Stormy Cozad Bradley was 16 when she started teaching swimming at the Pasadena High School pool for the Red Cross.
But because her students were the “criers” pulled out of other classes, she had to do a little convincing before they would enter the water.
“I, literally, talked them into swimming,” she said. “It was a great introduction into teaching swimming. I used the same techniques the other teachers used, but I spent more time gaining their trust and talking them into swimming.”
Fifty years later, Bradley is still sharing her love of swimming with kids, adults, and even a few criers. She loves taking a non-swimmer, someone even afraid of the water, and turning them into someone who dives in without fear.
“I love to see them conquer whatever was holding them back,” she said.
Where does that fear come from?
Oh, maybe when an uncle or older brother pushed or tossed someone into the water when they weren’t ready. Or maybe, as Bradley says, they just never got the opportunity.
She recalls one student telling her, “Teacher, I don’t know how to swim.”
“No, you just haven’t learned yet,” Bradley answered. “You will know how to swim. That’s the thing. You just haven’t learned yet.”
And learn, they do, under her watch.
Bradley, who moved to Kauai in 1973, has taught thousands of people, young and old, to keep their heads above water, how to float, how to stay calm and how to develop that smooth swim stroke and kick and breathe all at the same time.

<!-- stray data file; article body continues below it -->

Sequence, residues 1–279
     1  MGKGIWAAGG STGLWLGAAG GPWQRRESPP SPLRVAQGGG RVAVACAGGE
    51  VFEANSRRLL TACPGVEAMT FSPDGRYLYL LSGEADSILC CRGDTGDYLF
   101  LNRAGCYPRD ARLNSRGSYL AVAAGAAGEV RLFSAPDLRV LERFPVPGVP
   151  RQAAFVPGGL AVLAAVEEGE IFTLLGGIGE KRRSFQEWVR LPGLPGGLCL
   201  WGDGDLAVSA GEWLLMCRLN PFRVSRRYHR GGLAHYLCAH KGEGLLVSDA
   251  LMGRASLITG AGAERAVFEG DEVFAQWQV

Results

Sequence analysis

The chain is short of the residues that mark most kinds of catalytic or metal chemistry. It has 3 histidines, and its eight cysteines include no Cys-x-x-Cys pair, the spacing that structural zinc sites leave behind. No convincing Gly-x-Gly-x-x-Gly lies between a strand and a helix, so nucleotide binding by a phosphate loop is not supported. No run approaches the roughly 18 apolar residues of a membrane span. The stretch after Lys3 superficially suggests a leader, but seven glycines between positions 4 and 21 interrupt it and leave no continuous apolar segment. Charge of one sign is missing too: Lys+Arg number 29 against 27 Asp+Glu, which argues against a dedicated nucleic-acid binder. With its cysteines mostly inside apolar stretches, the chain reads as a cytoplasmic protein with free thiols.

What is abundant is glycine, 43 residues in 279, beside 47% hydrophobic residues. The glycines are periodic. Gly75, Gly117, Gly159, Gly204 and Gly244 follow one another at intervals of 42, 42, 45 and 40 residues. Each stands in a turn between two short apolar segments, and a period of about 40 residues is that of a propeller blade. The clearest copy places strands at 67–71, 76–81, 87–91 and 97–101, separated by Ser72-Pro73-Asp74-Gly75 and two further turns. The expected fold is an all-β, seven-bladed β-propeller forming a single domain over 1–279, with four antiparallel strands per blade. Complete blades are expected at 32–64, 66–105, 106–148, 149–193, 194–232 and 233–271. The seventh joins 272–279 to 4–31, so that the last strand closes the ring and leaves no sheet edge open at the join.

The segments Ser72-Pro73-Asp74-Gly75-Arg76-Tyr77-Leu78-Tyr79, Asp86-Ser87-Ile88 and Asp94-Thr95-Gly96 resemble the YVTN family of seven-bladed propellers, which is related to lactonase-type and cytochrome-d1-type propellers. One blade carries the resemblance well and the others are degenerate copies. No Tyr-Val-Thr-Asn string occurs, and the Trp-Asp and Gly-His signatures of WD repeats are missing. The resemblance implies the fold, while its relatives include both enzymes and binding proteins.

She has taught for the YWCA and privately in pools from Lihue to Kekaha. She has taught the children of her past students.
“It’s really easy for me to teach a kid,” she said. “I’m know I’m good at it.”
Some, however, don’t believe they can do it. Bradley convinces them otherwise.
She tells the story of one young girl who could not put her face in the water. So Bradley told her about the “Deadman’s float.” Just stretch out your arms and legs and float as long as you can. Start in the shallow water. Nothing to fear.
So the girl practiced. And practiced. Goggles helped.
“She literally went from not putting her face in the water to swimming,” Bradley said.
Bradley learned to swim at age 5 and was very good. Never knew anything but a love of the water. She didn’t swim competitively later on, though.
“I tried,” she said. “But as soon as someone passed me, I slowed down. I have no competitive spirit. I prefer teaching people to swim.”
Trust is critical between coach and student. If the student believes in their instructor, if they have faith, they’ll succeed.
The best part of teaching children to swim, Bradley said, is when the light bulb goes on and “you know they know how to do it. They’re so happy and proud of themselves.”
Bradley is planning to offer swimming lessons this summer. She’s throwing a swim party at 1 p.m. June 7 at the YMCA for her past swimming students and those interested in meeting her or taking a swimming class at the YMCA.
Swimming, Bradley said, is the best sport, “because you can do it until you’re 90. It takes away the aches and pains. It’s not jarring to any part of the body. If you have issues, it relaxes you and strengthens you at the same time.”
And it’s also a lot of fun, too.
Information: YMCA, 246-9090 or Bradley, 634-8377